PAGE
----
In states like Bihar, Karnataka, Punjab and Puducherry, the counseling officers specified by the government used inconsistent criteria to recruit students in the last stages of admission to medical colleges for MBBS courses.
These rules violated the guidelines set by the Supreme Court, Medical Council of India and the Ministry of Health.
For example, Bihar opened the last consultation session on the last day of the entry on August 31, and asked the candidates to bring a demand draft of more than 10 lakh prepared in favor of the colleges.
Parents have alleged that no bank is open from 5 pm to midnight. But the candidates who came through commissioning agents, their demand draft was prepared in advance in favor of the colleges, which they should be assigned after consultation.
Similar irregularities occurred in Karnataka, Madhya Pradesh, Puducherry and Punjab.
The charge loses more than 60,000 MBBS seats in 474 private and government colleges in India, with the objective of compulsory single entrance examination of the Supreme Court, called the National Eligibility cum Entrance Examination (NEET).
Started last year to end corruption in medical education, NEET provides the ranking of students by which colleges have offered entry through government counseling sessions. The informal complaint came out in the final stage, which is called the left side of the consultation process or the Mop-up goal.
Deepak Kumar Gupta of Gorakhpur in Uttar Pradesh said that a text message was received by the Karnataka officials on Sept. 4, Sept. 11, the next day in Bangalore, for the final stage to be present in the consultation session.
He took flight from Lucknow in the morning and reached the entrance office at 10 a.m.
“The officer rejected my application because I did not have a draft. I have requested for time or take money through NEFT (online transfer) but it was turned down,” he alleged.
This kind of irrational demand was allegedly done to deny the eligible candidates’ seats and for admission to the following categories.
The allegations have come to the fore that officials and the alleged students had joined to refuse the seats and it was sold on the sly.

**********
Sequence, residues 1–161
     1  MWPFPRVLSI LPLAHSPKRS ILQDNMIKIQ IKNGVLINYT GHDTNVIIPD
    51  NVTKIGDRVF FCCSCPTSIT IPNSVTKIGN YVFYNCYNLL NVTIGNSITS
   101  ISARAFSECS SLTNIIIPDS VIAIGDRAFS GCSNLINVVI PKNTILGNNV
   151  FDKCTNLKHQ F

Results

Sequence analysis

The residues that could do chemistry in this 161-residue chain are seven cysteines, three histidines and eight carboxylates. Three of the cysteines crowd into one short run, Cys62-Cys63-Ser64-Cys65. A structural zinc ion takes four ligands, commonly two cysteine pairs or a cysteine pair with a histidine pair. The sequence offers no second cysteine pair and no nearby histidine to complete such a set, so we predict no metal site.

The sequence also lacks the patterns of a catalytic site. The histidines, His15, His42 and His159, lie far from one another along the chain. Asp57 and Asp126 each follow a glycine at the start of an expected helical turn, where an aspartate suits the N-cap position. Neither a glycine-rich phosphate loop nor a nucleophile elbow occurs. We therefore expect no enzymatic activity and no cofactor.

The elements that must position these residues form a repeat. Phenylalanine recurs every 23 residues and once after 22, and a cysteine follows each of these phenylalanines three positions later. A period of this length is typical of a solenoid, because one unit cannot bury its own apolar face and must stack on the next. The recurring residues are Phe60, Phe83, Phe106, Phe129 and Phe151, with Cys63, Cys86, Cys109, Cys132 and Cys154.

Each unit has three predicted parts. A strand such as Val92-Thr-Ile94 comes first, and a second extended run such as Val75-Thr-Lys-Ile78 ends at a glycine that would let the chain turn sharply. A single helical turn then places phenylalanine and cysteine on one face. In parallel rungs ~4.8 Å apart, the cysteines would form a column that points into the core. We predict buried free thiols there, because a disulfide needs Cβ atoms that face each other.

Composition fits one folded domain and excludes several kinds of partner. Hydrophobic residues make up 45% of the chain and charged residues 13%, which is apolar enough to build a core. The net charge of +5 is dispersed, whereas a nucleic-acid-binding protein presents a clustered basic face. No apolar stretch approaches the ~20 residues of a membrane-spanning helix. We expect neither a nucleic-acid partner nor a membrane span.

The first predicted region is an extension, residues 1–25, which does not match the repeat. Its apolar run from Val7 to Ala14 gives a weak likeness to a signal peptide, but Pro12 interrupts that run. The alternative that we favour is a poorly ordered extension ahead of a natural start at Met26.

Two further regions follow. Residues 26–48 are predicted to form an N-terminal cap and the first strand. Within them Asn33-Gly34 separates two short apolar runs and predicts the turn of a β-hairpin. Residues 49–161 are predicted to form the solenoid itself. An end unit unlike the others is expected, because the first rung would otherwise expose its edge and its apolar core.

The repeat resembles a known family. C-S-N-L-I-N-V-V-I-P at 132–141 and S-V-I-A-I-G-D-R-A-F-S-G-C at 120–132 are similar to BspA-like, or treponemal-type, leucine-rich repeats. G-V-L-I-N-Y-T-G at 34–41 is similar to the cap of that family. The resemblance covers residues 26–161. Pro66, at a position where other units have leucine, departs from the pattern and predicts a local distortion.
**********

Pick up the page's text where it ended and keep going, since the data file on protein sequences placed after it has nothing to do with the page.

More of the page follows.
“Most private colleges in Delhi, Bihar, Karnataka, Uttar Pradesh and Puducherry have access,” said a tout driven from East Delhi.
Bihar Medical Education Director Prabhat Kumar rejected the charges.
“We started consulting at 3 o’clock and also allowed money transfer through NEFT. We gave the time till 1 a.m. the next day,” he said.
But Kumar accepted the mistake of not mentioning payment mode in official advertising. Students denied NEFT, or online payments, option.
During the second phase of admission in Puducherry, the number of candidates has decreased to 107. But students like RK did not enter with 128 points, while the officials called for the last round to fill 96 vacant seats.
On September 2, Baba Farid University of Health Sciences (BFUHS), Punjab’s counseling authority, which was a holiday on Saturday and Eid, students should appear in the last round with a demand draft at 11 p.m. on Monday.
VP Raj Bahadur of BFUHS denied any wrongdoing. They said: “We have accepted bank draft of any amount in the name of BFUHS so that candidates can not be admitted in the colleges.”
In Madhya Pradesh, the last round began on 4th September at 4 o’clock and ended midnight, on the last day of consultation.
One student alleged, “A candidate was selected with 191 marks, but students with more than 400 marks had been dropped.”
An official from Madhya Pradesh clarified that it was done to give preference to the candidates from the home state.